As has been on the news in multiple places, Apple stock has taken a huge beating in the last 2-3 months. After hitting a high of ~$700 back in Sept, its now trading down 26% to $518, hitting below $500 at one point today. While I did make a call for a short term bottom around $620, that unfortunately didn't pan out as Apple resumed its downward trend. So the next support line is ~$520 where it is today. Will Apple hold the line?
Remember, AAPL is still up 28% for the year, that's hardly something to sneeze at. So while one metric you can use to determine if something is oversold is its yearly gain, 28% is still an justifiable fair value gain. Another argument about the stock is that its PE ratio is very low, currently 11.75, if you look at its historical PE:
You can see that Apple did hit similarly low PEs in 2009 and in early 2012. While 11.75 is below its historical average, it is a big strange considering Apple's earnings growth. Forward PE is estimated at only 7-8, an incredible bargain.
So why is Apple being undervalued so much by these metrics? Two words...iPhone competition. For all the talk of iPads, Macs, iTunes, etc etc, the vast vast bulk of Apple's revenue (over 52%) comes from the iPhone. With Samsung starting to gain more and more marketshare via its extremely successful Galaxy line, Windows 8 Phones launching, Blackberry 10 (don't laugh!) launching next month, its hard to see the iPhone making much headway against all that competition. With recent reports of order cuts from supply chain checks, the market is very jittery over Apple's future dominance in the smartphone industry. If iPhone starts dropping, Apple sales will follow and thus the fear over Apple's future.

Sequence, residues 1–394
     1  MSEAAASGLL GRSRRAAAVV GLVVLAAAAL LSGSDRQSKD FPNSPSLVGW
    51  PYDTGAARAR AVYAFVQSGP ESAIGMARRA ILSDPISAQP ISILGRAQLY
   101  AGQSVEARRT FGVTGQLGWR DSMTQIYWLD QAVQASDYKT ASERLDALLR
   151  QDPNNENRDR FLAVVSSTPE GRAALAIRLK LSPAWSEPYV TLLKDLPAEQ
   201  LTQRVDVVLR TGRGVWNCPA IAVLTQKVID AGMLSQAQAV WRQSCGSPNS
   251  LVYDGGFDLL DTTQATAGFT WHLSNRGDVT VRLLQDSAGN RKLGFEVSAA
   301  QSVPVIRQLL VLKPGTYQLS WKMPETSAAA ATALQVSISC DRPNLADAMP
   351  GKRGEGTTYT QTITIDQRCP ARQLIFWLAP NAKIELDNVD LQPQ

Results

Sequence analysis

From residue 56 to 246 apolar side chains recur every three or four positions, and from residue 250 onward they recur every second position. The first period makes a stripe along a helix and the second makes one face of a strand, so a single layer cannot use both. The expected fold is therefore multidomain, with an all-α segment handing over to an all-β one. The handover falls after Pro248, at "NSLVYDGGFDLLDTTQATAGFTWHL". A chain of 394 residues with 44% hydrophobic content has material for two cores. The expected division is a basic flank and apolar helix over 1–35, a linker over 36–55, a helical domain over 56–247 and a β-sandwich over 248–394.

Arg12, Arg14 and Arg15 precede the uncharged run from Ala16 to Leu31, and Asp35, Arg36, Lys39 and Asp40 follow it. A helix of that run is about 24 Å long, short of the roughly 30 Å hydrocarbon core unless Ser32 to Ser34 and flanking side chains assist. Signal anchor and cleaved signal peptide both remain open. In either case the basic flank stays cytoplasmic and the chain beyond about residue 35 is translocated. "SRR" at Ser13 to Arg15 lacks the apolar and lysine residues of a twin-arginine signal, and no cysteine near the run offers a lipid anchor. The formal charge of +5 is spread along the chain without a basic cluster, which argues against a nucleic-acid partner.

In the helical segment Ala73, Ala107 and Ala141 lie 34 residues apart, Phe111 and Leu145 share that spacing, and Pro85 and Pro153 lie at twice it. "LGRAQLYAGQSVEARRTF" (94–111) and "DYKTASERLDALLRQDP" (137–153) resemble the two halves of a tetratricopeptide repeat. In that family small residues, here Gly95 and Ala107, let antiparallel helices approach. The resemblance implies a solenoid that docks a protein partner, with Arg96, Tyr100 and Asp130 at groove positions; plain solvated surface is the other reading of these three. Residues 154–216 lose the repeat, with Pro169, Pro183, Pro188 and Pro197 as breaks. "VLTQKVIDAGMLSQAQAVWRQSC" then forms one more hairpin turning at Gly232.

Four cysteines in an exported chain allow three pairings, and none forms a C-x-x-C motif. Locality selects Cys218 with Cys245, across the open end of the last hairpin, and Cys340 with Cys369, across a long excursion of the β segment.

Is this overblown? I think so. While I agree that iPhone's best days are behind it, Apple is still going to grow a more than respectable amount, more than justifying a 7-8 PE ratio. So my conclusion is that the market overreacted a bit (both in taking Apple to $700 and down to $500) and that there's a good potential for a decent profit from its current price.